Had the misfortune of contracting covid-19 this year, and still have the positive test result to prove it? Congratulations, you’re now just the person an increasing number of countries hopes will come visit, as travel (slowly) recovers, and they won’t even make you quarantine!
With mounting evidence that recovering from covid-19 provides some level of immunity in most people, countries are looking to reboot commerce and tourism by opening up borders for anyone who can prove they’ve had covid-19, and no longer do. This is the first step toward the concept of immunity passports.
CNN reports Iceland will imminently announce that anyone who has recovered from covid-19 will soon be allowed to skip out on the country’s quarantine requirements.
All visitors to Iceland must currently take a complimentary test on arrival, self isolate for 4-5 days, and then take a second covid-19 test, with which a negative result would allow them to go out and enjoy. From December 10th, visitors who can prove they’ve recovered within the last 6 months can skip quarantine.
Iceland isn’t the only one.
Despite being closed to virtually all of Europe, including Schengen area neighbors, Hungary is also welcoming just about anyone who’s had, and recovered from covid-19. Yes, oddly that’s right, a traveler from border neighbor Austria who has remained in full fitness all year is not currently eligible to enter, but one who has recovered from covid-19 is.
Iceland is in talks with Nordic countries including Finland, Norway and Sweden to agree on similar terms for visitors who’ve recovered from covid-19. A landmark study of 30,000 people found that more than 90% who had recovered, retained enough antibodies to prevent a second infection.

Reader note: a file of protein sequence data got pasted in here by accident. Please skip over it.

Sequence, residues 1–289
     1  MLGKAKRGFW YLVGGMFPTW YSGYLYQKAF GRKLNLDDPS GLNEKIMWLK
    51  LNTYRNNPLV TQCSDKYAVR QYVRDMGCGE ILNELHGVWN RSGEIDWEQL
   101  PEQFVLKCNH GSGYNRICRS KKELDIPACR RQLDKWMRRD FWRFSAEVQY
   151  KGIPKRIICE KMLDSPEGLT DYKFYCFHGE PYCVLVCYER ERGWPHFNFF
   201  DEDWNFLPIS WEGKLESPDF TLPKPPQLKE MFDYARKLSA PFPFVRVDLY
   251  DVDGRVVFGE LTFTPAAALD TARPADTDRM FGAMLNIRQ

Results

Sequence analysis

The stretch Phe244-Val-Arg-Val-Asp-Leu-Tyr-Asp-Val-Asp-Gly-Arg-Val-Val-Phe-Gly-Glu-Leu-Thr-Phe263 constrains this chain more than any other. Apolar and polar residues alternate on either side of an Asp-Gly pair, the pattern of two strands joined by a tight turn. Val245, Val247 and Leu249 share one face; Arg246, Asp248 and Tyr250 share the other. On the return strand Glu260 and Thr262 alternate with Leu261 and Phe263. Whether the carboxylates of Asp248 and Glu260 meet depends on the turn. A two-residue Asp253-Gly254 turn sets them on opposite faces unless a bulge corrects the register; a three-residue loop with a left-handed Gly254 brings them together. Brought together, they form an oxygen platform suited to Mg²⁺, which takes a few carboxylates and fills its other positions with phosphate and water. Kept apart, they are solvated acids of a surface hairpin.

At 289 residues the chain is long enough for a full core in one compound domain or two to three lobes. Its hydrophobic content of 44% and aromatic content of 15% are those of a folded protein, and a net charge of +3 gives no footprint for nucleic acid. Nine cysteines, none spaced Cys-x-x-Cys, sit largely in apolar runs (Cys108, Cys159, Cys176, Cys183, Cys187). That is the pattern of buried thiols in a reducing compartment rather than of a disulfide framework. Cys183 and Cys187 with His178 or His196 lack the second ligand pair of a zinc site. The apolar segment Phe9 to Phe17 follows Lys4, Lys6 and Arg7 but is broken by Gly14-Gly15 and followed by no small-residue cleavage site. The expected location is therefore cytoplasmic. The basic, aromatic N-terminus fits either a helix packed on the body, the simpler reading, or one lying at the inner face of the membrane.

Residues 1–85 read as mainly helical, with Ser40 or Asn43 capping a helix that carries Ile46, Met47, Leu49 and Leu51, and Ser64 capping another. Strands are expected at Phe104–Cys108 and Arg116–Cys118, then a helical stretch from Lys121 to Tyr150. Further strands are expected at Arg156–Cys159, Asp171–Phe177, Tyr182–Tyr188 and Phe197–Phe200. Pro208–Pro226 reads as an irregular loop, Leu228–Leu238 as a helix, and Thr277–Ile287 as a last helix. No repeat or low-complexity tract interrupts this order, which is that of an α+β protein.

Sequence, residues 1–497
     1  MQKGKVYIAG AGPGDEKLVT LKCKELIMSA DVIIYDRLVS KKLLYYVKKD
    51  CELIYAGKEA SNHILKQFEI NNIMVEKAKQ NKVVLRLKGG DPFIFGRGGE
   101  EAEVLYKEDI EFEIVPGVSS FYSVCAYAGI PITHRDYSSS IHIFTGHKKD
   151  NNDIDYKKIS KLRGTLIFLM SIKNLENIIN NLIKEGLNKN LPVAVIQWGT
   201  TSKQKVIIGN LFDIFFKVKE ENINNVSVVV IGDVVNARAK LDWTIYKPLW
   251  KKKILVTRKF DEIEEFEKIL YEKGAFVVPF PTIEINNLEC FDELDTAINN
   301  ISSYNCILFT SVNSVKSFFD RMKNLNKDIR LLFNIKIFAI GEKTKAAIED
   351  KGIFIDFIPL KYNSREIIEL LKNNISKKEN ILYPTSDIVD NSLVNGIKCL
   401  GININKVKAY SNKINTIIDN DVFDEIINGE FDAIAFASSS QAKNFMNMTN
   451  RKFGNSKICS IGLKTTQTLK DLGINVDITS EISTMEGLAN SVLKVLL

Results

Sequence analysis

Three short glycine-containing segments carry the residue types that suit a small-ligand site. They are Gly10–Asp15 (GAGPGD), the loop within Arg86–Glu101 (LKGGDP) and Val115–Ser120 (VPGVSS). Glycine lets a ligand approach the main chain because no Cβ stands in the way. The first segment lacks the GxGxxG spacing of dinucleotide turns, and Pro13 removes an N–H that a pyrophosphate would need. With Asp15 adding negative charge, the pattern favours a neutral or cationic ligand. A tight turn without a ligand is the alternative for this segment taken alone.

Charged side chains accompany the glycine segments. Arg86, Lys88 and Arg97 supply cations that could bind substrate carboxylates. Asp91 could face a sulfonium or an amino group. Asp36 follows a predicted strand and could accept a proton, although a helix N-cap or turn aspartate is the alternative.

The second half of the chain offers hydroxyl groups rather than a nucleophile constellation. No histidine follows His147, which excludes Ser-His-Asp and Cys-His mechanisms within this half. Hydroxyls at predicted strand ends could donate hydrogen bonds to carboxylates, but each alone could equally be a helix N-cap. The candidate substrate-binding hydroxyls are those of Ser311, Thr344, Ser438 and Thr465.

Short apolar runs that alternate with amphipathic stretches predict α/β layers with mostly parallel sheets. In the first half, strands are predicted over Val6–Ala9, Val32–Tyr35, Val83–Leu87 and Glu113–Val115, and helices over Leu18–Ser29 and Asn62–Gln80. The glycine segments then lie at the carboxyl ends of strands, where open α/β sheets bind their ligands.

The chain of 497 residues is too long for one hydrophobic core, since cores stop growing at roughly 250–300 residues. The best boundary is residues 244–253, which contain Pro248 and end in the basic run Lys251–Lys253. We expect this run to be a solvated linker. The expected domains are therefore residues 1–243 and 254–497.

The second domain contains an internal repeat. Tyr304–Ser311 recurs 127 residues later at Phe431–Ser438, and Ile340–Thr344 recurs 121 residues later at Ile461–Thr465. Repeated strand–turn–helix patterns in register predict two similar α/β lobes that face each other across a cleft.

As vaccinations heat up, airlines, governments and tourism officials are weighing the many options for “immunity passports”. The digital apps would contain official, and less easily tampered records of any vaccine doses, or recovered cases. Via these new apps, officials would agree to share traveler data, and travelers would be able to grant access to border authorities to view their data.
The big hold up is: which app? The other big hold up: privacy issues.
Immunity Passport Travel Apps
A variety of airlines now support CommonPass, a World Economic Forum backed initiative to create a shared app that tracks a persons immunization records and other key health issues for travel.
Using tamper proof technologies such as Blockchain, the app would store records in a way which border officials and airline employees could quickly and easily validate for travel. JetBlue, Swiss, Virgin Atlantic and United all signed on to use CommonPass, thus far.
The problem is, other airlines want to go it alone. Despite the success thus far of CommonPass, and its backing from the World Economic Forum, IATA, now helmed by former IAG boss Willie Walsh, wants to develop its own app and make everyone use theirs. IAG is a partner in the project.
Varied attempts to solve a problem are always useful, but competing attempts may create confusion among travelers, and distrust.
Why isn’t IATA and the IAG Group going along with work CommonPass has already solved, and enhancing it? Best guesses can only be likened to financial interest. If you need one app for one airline or country, and another app entirely for another airline and country, people are going to be put off about the idea of competing corporate interests tracking their immunization and covid-19 records.
Surveys suggest people prefer governments, or at least NGO’s like the World Economic Forum to take responsibility for these immunity passports, to help quell privacy and data concerns.
However immunity passports eventually do work, and even if they don’t, proof of vaccination is sure to become a central issue to travel over the coming years. Qantas has already said it won’t fly people without vaccination, and a number of countries plan only to welcome visitors who’ve been vaccinated as well.
For now, proof of a positive covid-19 test, and perhaps a recent negative covid-19 test are all you need to skip the quarantine in a growing number of countries.